8
1
thefreedictionary.com Official Website
2
Ibid.
3
Ibid.
4
Atheism.About Official Website
5
Stanford Encyclopedia of Philosophy Official Website
6
Atheism.About Official Website
7
Business Dictionary Official Website
8
Legal Positivism - Further Readings at Law.Jrank.Org Official Website
1
 
Prior to the American Revolution, English political thinkersJohn AustinandThomas  Hobbesarticulated the command theory of law, which stood for the proposition that the onlylegal authorities that courts should recognize are the commands of the sovereign, because onlythe sovereign is entrusted with the power to enforce its commands with military and policeforce.
9
 Thomas Hobbes argued that “it is improbable for any statute to be unjust”.
Accordingto him, “before the names of just and unjust can take place, there must be some coercive power to compel men equally to the performance of their covenants … and such power there is none before the creation of the commonwealth”.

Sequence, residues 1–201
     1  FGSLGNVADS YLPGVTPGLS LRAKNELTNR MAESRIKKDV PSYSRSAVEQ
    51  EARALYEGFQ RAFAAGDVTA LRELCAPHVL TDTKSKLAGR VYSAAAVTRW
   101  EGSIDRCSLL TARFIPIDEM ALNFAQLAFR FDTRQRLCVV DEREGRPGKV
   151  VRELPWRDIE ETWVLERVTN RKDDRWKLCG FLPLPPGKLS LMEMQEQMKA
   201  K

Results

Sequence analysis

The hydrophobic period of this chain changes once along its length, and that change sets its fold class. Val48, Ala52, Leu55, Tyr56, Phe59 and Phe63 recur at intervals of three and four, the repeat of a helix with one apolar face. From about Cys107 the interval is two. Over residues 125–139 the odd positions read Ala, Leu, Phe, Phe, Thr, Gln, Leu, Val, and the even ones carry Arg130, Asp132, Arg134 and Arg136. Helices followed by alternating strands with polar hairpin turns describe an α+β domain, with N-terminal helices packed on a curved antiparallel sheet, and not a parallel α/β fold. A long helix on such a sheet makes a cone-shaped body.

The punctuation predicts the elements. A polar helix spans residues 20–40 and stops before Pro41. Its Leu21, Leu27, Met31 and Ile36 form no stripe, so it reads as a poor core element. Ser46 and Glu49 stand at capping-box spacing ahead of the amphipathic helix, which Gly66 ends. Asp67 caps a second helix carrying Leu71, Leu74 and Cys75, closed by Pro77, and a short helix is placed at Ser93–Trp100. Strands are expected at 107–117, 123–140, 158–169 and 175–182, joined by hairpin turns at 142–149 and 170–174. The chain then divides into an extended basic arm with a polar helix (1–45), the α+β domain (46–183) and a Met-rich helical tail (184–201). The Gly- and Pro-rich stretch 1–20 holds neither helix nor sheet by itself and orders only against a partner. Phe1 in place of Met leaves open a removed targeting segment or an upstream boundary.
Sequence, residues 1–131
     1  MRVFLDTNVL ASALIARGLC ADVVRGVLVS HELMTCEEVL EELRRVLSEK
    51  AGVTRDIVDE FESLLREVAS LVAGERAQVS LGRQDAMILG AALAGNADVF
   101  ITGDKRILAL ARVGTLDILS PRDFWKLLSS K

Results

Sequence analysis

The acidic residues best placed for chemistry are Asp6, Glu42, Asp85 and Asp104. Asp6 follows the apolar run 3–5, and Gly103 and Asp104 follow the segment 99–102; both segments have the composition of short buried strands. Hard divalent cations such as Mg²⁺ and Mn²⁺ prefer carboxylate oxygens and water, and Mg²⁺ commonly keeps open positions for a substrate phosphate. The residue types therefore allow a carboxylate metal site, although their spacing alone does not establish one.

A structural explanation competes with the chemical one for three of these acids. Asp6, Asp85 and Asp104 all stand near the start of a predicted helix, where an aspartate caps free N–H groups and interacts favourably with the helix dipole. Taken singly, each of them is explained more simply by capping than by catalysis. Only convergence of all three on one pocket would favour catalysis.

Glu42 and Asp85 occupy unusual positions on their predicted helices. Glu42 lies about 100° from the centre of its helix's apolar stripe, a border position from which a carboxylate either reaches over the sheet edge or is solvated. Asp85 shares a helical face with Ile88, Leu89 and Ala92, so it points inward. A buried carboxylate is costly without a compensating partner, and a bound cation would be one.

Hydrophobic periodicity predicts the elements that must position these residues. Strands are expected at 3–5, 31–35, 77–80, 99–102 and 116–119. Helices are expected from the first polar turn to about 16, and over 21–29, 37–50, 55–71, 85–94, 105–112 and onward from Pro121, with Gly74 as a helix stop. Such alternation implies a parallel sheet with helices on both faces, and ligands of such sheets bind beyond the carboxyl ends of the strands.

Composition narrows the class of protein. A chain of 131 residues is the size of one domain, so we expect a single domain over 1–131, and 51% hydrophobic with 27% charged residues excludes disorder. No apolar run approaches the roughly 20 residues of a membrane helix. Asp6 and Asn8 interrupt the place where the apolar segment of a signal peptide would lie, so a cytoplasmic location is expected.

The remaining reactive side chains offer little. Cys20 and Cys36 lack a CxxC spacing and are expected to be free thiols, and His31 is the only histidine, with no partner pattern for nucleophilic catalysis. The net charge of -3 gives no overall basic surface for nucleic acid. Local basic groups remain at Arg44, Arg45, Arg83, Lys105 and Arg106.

In this, he meant that “laws are the rules of just andunjust, nothing being reputed unjust that is not contrary to some law. For Hobbes, the sovereignis not subject to laws for having the power to make and repeal laws for having the power to makeand repeal laws; he may, when he pleases, free himself from their subjection.”
What hestressed is that “to the care of the sovereign belongs the making of good laws.”
Furthermore, heconcludes that “all that is done by such power is warranted and owned by every one of the people, and that which every man will have so, no man can say is unjust.”
 John Austin on the other hand, adopted some ideas of Thomas Hobbes in his legal philosophy about the nature of law.
Additionally, he was known individually for his “dogma”of legal positivism which states that
:
The existence of law is one thing; its merit or demerit is another. Whether it be or be notis one enquiry; whether it be or be not conformable to an assumed standard, is a different enquiry.A law, which actually exists, is a law, though we happen to dislike it, or though it vary from thetext, by which we regulate our approbation and disapprobation.
9
Ibid.
10
Pascual, Crisolito. “Introdution to Legal Philosophy”. page 171
11
Ibid.
12
Ibid.
13
Pascual, Crisolito. “Introdution to Legal Philosophy”. page 172
14
Ibid.
15
Ibid.
16
Stanford Encyclopedia of Philosophy Official Website